The Games of Life
How our agile training workshops might have inadvertently revealed a hidden pattern in our collective consciousness.
Our agile workshops
For the last couple of years we have been running workshops for professional teams to learn the fundamentals of agile. These take the form of a 6 hour, guided, mock project where teams must come up with the concept, rules, design and marketing for a new board game, whilst learning the agile values and principles and the scrum methodology.
As part of the workshop the teams are asked to create a design mock-up of the game’s box, based on their concepts. As one of the designers involved, I have found it interesting to see the range of ideas that teams come up with, and it’s always a fun (and sometimes a little stressful) challenge to deliver a professional-looking design in a single 15 minute sprint.
Over time, teams have used a few themes that have stood out, such as travel, food, and general escapism. But more interestingly, I have noticed that it might be possible to use these themes to gain an insight into what’s going on in peoples’ minds at any given time.
Before the onset of the COVID-19 pandemic, we used to train teams of pharmaceutical professionals in agile by inviting them to build LEGO® zoos. With the restrictions of online only, we transitioned the training to be delivered remotely with a challenge for teams to design new and fun board games.
Then when the pandemic hit we continued to deliver the workshops remotely, and predictably the game concepts began to shift towards beating COVID and escaping lockdown. This did make designing the box graphics a little less exciting as there’s only so many ways to show a virus terrorising the world, but it was very understandable that this was the primary influence on everyone’s mind at the time.
As we progressed through the pandemic, the range of board game ideas broadened and included more ‘normal life’ concepts, but based on the new reality in which we were living. This included Netflix content, mental health and relationship exploration, and frankly more escapism.
Post pandemic (we hope)
As we’ve come out of lockdowns and have started emerging into our new post-pandemic reality there has been an interesting development in the type of concepts being thought up by the workshop teams. I believe these ostensibly ephemeral ideas point towards a deep cultural transformation happening across society, and it’s possible the pandemic has been the catalyst for a few reasons…
During lockdown there was a narrative thread in the media about how we should not return to normal, and an acknowledgement of the positive effect that lockdown was having on the environment, with fewer cars on the road etc. There was also a massive adoption of new hobbies, and people using the lockdown as a period of personal transformation and introspection. It was also an unprecedented, shared experience for everyone on the planet.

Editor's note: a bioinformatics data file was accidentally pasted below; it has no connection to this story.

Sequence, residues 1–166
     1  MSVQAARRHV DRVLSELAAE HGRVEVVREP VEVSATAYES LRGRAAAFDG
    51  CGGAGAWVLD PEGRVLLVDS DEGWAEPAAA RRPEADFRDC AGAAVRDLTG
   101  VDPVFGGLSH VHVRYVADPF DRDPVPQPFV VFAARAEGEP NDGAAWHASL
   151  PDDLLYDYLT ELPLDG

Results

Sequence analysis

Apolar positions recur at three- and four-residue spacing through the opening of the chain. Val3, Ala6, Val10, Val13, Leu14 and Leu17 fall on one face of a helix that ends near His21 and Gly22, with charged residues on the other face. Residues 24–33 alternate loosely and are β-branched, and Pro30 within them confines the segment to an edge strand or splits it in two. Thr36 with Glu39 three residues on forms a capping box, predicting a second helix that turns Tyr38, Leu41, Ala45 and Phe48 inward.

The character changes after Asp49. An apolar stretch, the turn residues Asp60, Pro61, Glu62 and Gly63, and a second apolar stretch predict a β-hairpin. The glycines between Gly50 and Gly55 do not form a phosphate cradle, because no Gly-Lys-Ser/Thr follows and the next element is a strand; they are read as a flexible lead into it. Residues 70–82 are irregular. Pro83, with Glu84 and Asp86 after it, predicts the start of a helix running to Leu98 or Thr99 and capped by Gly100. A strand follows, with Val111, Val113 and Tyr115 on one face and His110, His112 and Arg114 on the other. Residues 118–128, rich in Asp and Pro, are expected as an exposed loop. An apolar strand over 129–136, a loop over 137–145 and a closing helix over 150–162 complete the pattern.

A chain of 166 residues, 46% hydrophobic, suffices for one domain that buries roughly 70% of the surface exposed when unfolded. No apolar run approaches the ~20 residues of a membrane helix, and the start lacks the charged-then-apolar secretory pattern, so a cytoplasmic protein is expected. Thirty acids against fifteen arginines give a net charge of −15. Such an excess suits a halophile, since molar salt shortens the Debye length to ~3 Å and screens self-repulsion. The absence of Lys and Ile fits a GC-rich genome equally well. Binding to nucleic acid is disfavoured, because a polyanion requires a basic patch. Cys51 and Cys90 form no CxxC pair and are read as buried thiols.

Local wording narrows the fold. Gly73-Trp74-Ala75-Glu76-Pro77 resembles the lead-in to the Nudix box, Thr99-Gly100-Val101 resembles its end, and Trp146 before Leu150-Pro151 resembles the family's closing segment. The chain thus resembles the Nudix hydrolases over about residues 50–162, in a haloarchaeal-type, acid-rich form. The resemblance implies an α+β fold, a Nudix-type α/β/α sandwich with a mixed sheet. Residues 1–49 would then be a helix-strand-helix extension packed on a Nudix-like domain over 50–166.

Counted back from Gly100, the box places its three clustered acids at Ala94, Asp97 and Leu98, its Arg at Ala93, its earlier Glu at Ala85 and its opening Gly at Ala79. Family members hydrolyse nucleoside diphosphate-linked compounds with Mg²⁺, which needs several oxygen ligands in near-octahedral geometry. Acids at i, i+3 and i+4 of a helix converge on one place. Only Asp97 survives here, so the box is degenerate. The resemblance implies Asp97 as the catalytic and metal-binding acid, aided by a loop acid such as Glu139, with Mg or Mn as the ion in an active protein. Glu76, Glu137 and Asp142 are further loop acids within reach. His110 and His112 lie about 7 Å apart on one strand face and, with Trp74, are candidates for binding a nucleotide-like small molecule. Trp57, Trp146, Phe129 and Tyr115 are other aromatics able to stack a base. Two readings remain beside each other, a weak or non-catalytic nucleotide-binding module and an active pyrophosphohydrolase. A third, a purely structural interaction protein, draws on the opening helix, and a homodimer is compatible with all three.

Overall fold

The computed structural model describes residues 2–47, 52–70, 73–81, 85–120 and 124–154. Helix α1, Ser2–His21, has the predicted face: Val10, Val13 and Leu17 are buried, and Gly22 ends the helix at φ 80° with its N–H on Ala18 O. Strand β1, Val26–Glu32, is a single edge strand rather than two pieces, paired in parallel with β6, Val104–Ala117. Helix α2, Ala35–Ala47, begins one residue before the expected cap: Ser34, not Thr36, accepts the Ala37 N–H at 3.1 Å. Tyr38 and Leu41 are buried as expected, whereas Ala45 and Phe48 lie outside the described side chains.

So, how has this manifested in the board game concepts? Well, in addition to the usual themes of travel and hedonism, we have seen a number of games that are focused on sustainability and environmental issues, such as ‘Healthy Planet’ which encourages players to imagine what a sustainable future would look like, and ‘No Planet B’ which is about players making various life-style changes to help tackle climate change.
But perhaps more surprisingly was the concept of a game called ‘Zentopia’ in which players are invited to “Find the Zen way to your utopia”. This differs from the environmental games in that it is about an internal exploration rather than manipulating the outside world, but what it shares with those designs is the vision of a positive future, and a grand narrative that suggests we can do things differently.
This apparent progression of thoughts and worldviews is explored deeply in the field of psycho-social development theory, by thinkers such as the philosopher Ken Wilber, the Harvard social theorist Robert Kegan, and more recently in books like ‘The Listening Society’ by Hanzi Freinacht, and ‘The Web of Meaning’ by Jeremy Lent, and many others. They posit that we are moving from a cynical and ironic ‘postmodern’ era to a more sincere and co-created ‘metamodern’ era. It is shown that these kinds of cultural developments often first show up in a societies’ artforms, so it is confluent that our workshop cohorts’ creativity may be expressing this one, as does much of our recent media diet.
As well as being a designer my other vocational hat is a District Councillor, so I am very encouraged to notice these topics emerge as salient ideas in our cultural zeitgeist as time becomes more urgent for us to work together to create a sustainable future. Time will tell if the trend persists but I’m choosing to be optimistic, y’know, for the kids!
What’s your game?
So what would your board game concept be? How might you address or satirise the challenges that humanity faces, from pandemics to other aspects of the so-called ‘meta crisis’? Or might you invent a new drinking game that at least eases our collective sorrows?
The Further Reaches of Adult Development – Robert Kegan
What is Metamodernism? – Hanzi Freinacht
The Future is Not a Spectator Sport – Jeremy Lent
Theory of Everything: An Integral Vision for Business, Politics, Science and Spirituality
by Ken Wilber, Fajer Al-Kaisi, et al. – 2000
The Evolving Self: Problem and Process in Human Development
by Robert Kegan – 2009
The Listening Society: A Metamodern Guide to Politics
by Hanzi Freinacht (AKA Daniel Görtz & Emil Ejner Friis) – 2017
The Web of Meaning: Integrating Science and Traditional Wisdom to Find Our Place in the Universe
by Jeremy Lent – 2021